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Q NO 71: A male patient is being evaluated for progressive shortness of breath. His flow-volume curve is pictured below. Which of the following pathologic findings is most likely in this patient?

A. Pulmonary fibrosis B. Alveolar hyaline membranes C. Interalveolar wall destruction D. Intraalveolar hemorrhage E. Thromboembolic disease F. Compression atelectasis

Explanation: This patients flow-volume loop exhibits a marked reduction in expiratory flow rate compared to the normal loop. Moreover, the patients residual lung volume (RVI at end expiration) is increased and tidal volume is decreased compared to normal. These abnormalities are characteristic of chronic obstructive pulmonary disease (COPD). An obstructive flow-volume loop profile may result from increased bronchial resistance (e.g. due to anatomic narrowing as in chronic bronchitis) and/or from decreased lung elasticity (e.g. due to destruction of interalveolar walls as in emphysema). Decreased lung elasticity also promotes dynamic compression of otherwise normal airways during expiration, contributing to increased expiratory airflow resistance in bronchi. The expiratory airflow obstruction in chronic bronchitis and/or emphysema causes hyperinflation (increased RV) and decreased tidal volumes. (Choice A) Pulmonary fibrosis tends to decrease lung volume and compliance, producing a restrictive pattern in spirometric flow volume loops, as shown by the red curve below.

Note that in restrictive diseases, tidal volume and residual volume are reduced but the expiratory flow rate may be normal or only modestly reduced.

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(Choice B) Alveolar hyaline membranes tend to reduce lung compliance, causing a restrictive flow-volume pattern. (Choice D) Diffuse intraalveolar hemorrhage would tend to dilute alveolar surfactant, thus increasing alveolar surface tension and promoting alveolar atelectasis. These changes would reduce lung volumes and lung compliance. A restrictive flow-volume pattern would likely result. (Choice E) In thromboembolism, only perfusion is limited; there is no effect on ventilation. Therefore, pulmonary function tests would not be affected. (Choice F) Atelectasis due to extrinsic pulmonary compression may occur when part or all of the pleural cavity is filled by air (as in pneumothorax), fluid, exudate, and/or blood. Under such conditions, lung volumes and total lung compliance would likely be reduced, producing a restrictive flow-volume pattern on spirometry. Educational Objective: Reduced expiratory air flow velocity, decreased tidal volume, and increased residual volume together characterize chronic obstructive pulmonary disease (COPD). Chronic bronchitis and/or emphysematous destruction of interalveolar walls maybe responsible. In comparison, restrictive lung disorders tend to decrease all lung volumes without significantly affecting expiratory flow rates.

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Q NO 72: A 24-year-old male presents to your office complaining of paroxysmal episodes of breathlessness and wheezing. Sputum microscopy shows many granule-containing cells and crystalloid masses. The sputum findings suggest the role of which of the following substances in this patients condition? B. lL-3 C. lL4 D. lL5 E. y-Interferon F. TGF-3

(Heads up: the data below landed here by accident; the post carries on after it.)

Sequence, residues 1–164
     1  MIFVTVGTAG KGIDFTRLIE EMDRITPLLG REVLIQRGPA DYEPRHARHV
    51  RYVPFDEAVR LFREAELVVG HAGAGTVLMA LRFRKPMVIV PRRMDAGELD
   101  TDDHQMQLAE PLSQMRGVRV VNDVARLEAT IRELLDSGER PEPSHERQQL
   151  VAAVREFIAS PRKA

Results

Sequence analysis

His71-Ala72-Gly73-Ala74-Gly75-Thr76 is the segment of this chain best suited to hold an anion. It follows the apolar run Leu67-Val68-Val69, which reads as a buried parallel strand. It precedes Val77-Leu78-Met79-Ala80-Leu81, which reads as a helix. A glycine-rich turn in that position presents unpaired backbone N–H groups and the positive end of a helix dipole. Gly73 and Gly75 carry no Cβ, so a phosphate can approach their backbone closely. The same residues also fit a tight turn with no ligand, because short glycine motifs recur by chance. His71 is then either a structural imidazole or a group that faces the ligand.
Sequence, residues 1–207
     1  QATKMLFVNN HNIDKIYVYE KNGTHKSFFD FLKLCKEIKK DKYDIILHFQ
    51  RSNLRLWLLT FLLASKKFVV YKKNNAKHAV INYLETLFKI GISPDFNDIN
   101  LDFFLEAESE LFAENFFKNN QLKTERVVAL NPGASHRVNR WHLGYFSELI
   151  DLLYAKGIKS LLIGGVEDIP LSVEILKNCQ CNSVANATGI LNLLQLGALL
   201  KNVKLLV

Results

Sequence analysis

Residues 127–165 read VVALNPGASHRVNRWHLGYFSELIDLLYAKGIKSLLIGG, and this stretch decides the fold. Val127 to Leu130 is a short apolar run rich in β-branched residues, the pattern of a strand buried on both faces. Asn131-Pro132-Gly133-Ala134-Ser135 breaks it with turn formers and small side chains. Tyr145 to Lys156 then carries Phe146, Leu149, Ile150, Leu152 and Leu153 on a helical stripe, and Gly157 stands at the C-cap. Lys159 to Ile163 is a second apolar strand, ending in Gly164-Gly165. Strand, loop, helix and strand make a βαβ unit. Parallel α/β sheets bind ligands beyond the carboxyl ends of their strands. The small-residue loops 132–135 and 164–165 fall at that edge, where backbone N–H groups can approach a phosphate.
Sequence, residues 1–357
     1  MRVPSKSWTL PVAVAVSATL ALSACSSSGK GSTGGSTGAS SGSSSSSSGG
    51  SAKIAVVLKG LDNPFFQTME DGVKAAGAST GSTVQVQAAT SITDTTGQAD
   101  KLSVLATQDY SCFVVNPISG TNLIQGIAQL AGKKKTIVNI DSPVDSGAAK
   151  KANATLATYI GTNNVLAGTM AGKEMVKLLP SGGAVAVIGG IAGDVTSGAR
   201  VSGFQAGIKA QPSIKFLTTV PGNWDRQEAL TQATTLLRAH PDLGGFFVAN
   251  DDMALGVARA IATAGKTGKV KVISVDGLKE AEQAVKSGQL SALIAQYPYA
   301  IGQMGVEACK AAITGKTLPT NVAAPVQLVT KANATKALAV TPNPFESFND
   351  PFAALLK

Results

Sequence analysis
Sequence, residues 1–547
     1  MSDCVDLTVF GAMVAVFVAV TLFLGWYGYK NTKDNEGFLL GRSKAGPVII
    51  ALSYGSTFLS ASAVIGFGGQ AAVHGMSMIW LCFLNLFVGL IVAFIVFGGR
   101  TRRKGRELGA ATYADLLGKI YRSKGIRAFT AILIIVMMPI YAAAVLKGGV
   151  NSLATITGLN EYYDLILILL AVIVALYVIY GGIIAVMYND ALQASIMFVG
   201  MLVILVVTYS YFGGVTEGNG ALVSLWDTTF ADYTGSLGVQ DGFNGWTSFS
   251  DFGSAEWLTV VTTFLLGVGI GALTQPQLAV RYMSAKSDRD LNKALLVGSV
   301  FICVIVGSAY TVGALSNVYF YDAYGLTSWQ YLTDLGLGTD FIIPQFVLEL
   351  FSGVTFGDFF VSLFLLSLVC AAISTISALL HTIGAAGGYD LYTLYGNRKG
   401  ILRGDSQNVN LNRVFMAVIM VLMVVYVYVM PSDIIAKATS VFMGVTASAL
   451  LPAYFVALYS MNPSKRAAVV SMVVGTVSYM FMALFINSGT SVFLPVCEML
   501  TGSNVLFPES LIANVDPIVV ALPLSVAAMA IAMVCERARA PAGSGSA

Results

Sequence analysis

Explanation: Paroxysmal breathlessness and wheezing in a young patient unrelated to ingestion of aspirin pulmonary infection, inhaled irritants, stress, and/or and exercise should raise a strong suspicion for extrinsic allergic asthma. The granule- containing cells in the sputum are most likely eosinophils and the crystalloid bodies are most likely Charcot-Leyden crystals (contain eosinophil membrane protein). Chronic eosinophilic bronchitis in asthmatics involves bronchial wall infiltration by numerous activated eosinophils, largely in response to IL-5 released by allergen-activated TH2 cells. (Choice A) Although macrophage IL-i release is involved in asthma pathogenesis, itis a not specific for this process. IL-i release is a component of almost all inflammatory processes, and does not necessarily cause eosinophil infiltration. (Choice B) IL- functions mainly to promote the growth and differentiation of bone marrow stem cells. (Choice C) Release of IL-4 by TH2 type helper T-cells is a non-specific pathway involved in the stimulation of B-cell antibody production. IL- 4 is not chemotactic for eosinophils, however. (Choice E) y-Interferon is secreted by helper l-cells and functions to activate macrophages, thereby promoting adaptive immunity against intracellular pathogens. It is not directly chemotactic for eosinophils. (Choice F) Transforming growth factor beta (TGE-3) is growth factor involved in tissue regeneration and repair. Educational Objective: Paroxysmal breathlessness and wheezing in a young patient that is unrelated to ingestion of aspirin pulmonary infection, inhalation of irritants, stress, and/or and exercise should raise a strong suspicion for extrinsic allergic asthma. Classic sputum findings include eosinophils and Charcot-Leyden crystals. Eosinophils are recruited and activated bylL-5 secreted bVTH2 type helper l-cells.

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Q NO 73: A 56-year-old male presents to your office with progressive vision impairment. His past medical history includes diabetes mellitus, hypertension and gout. Physical examination suggests bilateral clouding of the lens in this patient. Which of the following metabolic conversions in the peripheral tissues most likely contributed to this patients current condition? Galactitol to sorbitol B. Glucose to sorbitol C. Fructose to galactitol D. Glucose to glyceraldehyde F. Adenine to uric acid